Gender in Bible translation

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Gender in Bible translation concerns various issues, such as the gender of God and generic antecedents in reference to people.

Translation of "mankind" and "humankind"[edit]

Opponents of gender neutral language argue that readers of English Bible translations who are not familiar with the original languages can be influenced by feminist assertions that generic masculine language is to be understood literally.[1][page needed] The Authorized Version of 1611 uses two gender terms, "mankind" and "womankind".[2][improper synthesis?]

Gender neutral and gender sensitive prayerbooks[edit]

  • At least one bible translation from the Hebrew and Aramaic, the Hebraic Roots Version (HRV)[3][unreliable source?] postulates that the Holy Spirit (the Ruach HaQodesh) is referred to in feminine terms, unlike the masculine terms applied to the Father and the Son.

Over the last twenty years many Jewish prayer books have been rewritten to be gender-neutral (Reform, Reconstructionist Judaism) or gender sensitive (Conservative).[improper synthesis?] Examples are shown in the following translations of Psalm 24. The following is a traditional translation excerpted from Siddur Sim Shalom, a Conservative siddur. (Ed. Jules Harlow)[full citation needed]

"A Psalm of David.
The Earth belongs to the Lord, and all it contains; the world and its inhabitants.
He founded it upon the seas, and set it firm upon flowing waters.
Who may ascend the mountain of the Lord? Who may rise in His sanctuary?
One who has a clean hand and a pure heart, who has not used God's name in false oaths, who has not sworn deceitfully.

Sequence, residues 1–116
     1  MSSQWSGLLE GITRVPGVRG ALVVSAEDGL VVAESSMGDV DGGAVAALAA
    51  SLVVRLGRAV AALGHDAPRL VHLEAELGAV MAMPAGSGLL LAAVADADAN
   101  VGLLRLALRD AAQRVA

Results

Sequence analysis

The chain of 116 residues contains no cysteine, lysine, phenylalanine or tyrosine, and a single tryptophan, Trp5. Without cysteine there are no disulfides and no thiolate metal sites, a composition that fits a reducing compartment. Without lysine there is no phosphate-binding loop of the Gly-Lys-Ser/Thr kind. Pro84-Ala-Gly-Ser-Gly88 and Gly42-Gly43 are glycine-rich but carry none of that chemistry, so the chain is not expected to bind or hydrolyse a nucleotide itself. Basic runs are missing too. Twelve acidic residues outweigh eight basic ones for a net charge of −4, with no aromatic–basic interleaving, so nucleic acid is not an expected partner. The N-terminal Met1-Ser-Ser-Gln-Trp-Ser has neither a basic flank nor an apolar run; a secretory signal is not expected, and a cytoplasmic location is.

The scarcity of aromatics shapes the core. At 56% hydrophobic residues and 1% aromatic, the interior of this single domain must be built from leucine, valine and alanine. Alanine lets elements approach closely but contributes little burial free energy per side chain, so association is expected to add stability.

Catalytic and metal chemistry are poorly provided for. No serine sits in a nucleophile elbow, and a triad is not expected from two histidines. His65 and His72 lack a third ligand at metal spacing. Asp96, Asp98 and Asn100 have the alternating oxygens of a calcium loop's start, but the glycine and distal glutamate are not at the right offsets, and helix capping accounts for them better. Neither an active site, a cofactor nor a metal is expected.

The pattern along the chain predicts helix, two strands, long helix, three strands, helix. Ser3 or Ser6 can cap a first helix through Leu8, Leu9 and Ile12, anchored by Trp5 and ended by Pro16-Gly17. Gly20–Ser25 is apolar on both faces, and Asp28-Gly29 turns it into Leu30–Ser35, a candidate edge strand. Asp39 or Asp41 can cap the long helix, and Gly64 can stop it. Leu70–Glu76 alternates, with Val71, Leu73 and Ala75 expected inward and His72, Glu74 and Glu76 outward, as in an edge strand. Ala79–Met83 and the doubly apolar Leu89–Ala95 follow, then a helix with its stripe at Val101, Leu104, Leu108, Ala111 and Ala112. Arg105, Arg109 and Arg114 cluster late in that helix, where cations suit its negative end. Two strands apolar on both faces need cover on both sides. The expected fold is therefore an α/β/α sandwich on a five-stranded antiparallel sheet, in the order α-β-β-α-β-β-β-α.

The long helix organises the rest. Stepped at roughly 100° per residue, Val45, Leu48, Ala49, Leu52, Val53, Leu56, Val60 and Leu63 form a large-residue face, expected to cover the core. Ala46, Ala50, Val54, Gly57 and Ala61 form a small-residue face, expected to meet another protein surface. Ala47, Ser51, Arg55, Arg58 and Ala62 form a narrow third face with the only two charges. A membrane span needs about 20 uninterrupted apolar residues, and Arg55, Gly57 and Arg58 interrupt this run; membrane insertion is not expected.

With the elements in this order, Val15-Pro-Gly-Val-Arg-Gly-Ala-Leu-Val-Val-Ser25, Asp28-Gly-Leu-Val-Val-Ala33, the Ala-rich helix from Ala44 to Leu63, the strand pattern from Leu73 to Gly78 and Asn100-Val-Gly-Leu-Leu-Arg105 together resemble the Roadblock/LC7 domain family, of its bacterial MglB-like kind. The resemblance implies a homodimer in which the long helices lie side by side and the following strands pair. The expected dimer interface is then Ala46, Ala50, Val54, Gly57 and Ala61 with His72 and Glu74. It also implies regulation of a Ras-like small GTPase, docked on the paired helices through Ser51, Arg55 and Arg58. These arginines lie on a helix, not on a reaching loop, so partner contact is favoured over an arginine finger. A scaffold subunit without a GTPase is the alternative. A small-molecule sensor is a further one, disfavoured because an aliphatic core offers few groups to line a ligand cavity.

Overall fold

he shall receive a blessing from the God of his deliverance."

A modern translation of Psalm 24 now appears in the revised editions of Siddur Sim Shalom.[full citation needed]

A Psalm of David.
The Earth and its grandeur belong to Adonai; the world and its inhabitants.
God founded it upon the seas, and set it firm upon flowing waters.
Who may ascend the mountain of Adonai? Who may rise in God's sanctuary?
One who has clean hands and a pure heart, who has not used God's name in false oaths, who has not sworn deceitfully.
shall receive a blessing from Adonai, a just reward from the God of deliverance."

References[edit]

  1. ^ Poythress, Vern Sheriden and Wayne A Grudem. The Gender-Neutral Bible Controversy: Muting the Masculinity of God's Words. Nashville, Tennessee: Broadman & Holman Publishers, 2000.
  2. ^ Leviticus 18:22
  3. ^ [1] James Trimm Hebraic Roots Version Scriptures, (South Africa: Institute for Scripture Research, 2004, 2005), pp. lv,577,1358,1359,1464.

External links[edit]

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